Tuesday, August 24, 2010

Twain's Feast

I'm currently reading Twain's Feast: Searching for American's Lost Foods in the Footsteps of Samuel Clemens by Andrew Beahrs. I'm enjoying this book, and I heartily recommend it to anyone who is interested in American food, traveling, Mr. Twain, history, cooking, and the ecology our food. The focal point of the book is Twain's love of food, specifically the foods he longed for on the tail end of a European trip. These cravings compelled him to compose the following list of American foods of he wanted to eat when he returned home:

  • Radishes
  • Baked apples with cream
  • Fried oysters
  • Frogs
  • American coffee, with real cream
  • American butter
  • Fried Chicken, Southern style
  • Porter-house steak
  • Saratoga potatoes
  • Broiled chicken, American style
  • Hot biscuits, southern style
  • Hot wheat-bread, Southern style
  • Hot buckwheat cakes
  • American toast
  • Clear maple syrup
  • Virginia bacon, broiled
  • Blue points, on the half shell
  • Cherry-stone clams
  • San Francisco mussels, steamed
  • Oyster soup
  • Clam soup
  • Philadelphia Terrapin soup
  • Bacon and greens, Southern style
  • Hominy
  • Boiled onions
  • Turnips
  • Pumpkin
  • Squash
  • Asparagus
  • Butter beans
  • Sweet potatoes
  • Lettuce
  • Succotash
  • String beans
  • Mashed potatoes
  • Catsup
  • Boiled potatoes, in their skins
  • New potatoes, minus the skins
  • early rose potatoes, roasted in the ashes, Southern style, served hot
  • Slice tomatoes, with sugar or vinegar
  • Stewed tomatoes
  • Green corn, cut from the ear and served with butter and pepper
  • Oysters roasted in shell - Northern style
  • Soft-shell crabs
  • Connecticut shad
  • Baltimore perch
  • Brook trout, from Sierra Nevadas
  • Lake trout, from Tahoe
  • Sheep-head and croakers, from New Orleans
  • Black bass from the Mississippi
  • American roast beef
  • Roast turkey, Thanksgiving style
  • Cranberry sauce
  • Celery
  • Roast wild turkey
  • Woodcock
  • Canvas-back-duck from Baltimore
  • Prairie-hens from Illinois
  • Missouri partridges, broiled
  • 'Possum
  • Coon
  • Boston bacon and beans
  • Green corn, on the ear
  • Hot corn-pone, with chitlins, Southern style
  • Hot hoe-cake, Southern style
  • Hot egg-bread, Southern style
  • Hot light -bread, Southern style
  • Buttermilk
  • Iced sweet milk
  • Apple dumplings, with real cream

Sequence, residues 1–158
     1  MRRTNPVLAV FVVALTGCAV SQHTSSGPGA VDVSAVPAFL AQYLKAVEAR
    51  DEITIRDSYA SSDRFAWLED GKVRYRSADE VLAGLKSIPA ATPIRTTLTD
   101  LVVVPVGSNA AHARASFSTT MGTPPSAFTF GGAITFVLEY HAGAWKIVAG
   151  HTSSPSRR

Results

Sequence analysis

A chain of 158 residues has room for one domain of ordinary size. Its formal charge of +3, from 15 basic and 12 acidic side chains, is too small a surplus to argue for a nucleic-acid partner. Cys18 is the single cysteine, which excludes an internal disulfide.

• Apple pie
  • Apple fritters
  • Apple puffs, Southern style
  • Peach cobbler, Southern style
  • Peach pie
  • American mince pie
  • Pumpkin pie
  • Squash pie
  • All sorts of American pastry

I photocopied the list, and now I'm carrying it around as a compass for my belly. I'm still digesting the list, but I'm interested in hearing what you think.

What are your favorite things on this list? What would you add to Mr. Twain's list?

keep your skillet good and greasy,


Sunday, August 22, 2010

Mama Lou: American Strong Woman

Strong women turn me on. I trace this back to the lovely Lynda Carter and her portrayal of Wonder Woman.
However, Freud might throw around terms like Oedipal when describing my love of strong women, but we won't go there because that just would be disturbing.

Last night I pursued my fascination with strong women by attending American Strong Woman Mama Lou's performance at the Lawrence Busker Festival. She swaggered into Lawrence armed with a wink and a bag of tricks.
She strapped on her gloves.
She effortlessly performed a series of one-armed pull ups. She crushed an apple with her bicep.

She lifted two bags of potatoes with her tongue.
She rolled up a skillet with her lovely bare hands.
She broke chopsticks with her butt.

Are you impressed?

And for her finale, she ripped a Kansas City phonebook in half.
I left wowed and slightly in love. This whimsical guy will be seeking therapy.

keeping it weird in Lawrence,

Tuesday, August 17, 2010

Apricot & White Chocolate Cookies

Sometimes me think what is love, and then me think love is what last cookie is for. Me give up the last cookie for you.

****The Cookie Monster

When I bite into something tasty, I imagine loin-clothed clad and club-bearing neurons storming the fortress of my brain that monitors calories and social norms. Inside the the wall of that fortress, tie-wearing neurons scan ledgers and listen to Pat Boone as they monitor any signs of irrational behavior on my part. It's a full-time job.

When those conservative neurons detect something awry, they march in a single-file formation in a concerted effort to suppress my appetite. They don't stand a chance against my raging, craving, ravenous neurons. Appetite rules!

Appetite rules, especially when it comes to cookies. Now typically, I like a thin, chewy cookie devoid of raisins, In my opinion, raisins have ruined many good cookies. However, occasionally a recipe comes around that challenges my tastes. This is the case with today's recipe, apricot and white chocolate cookies.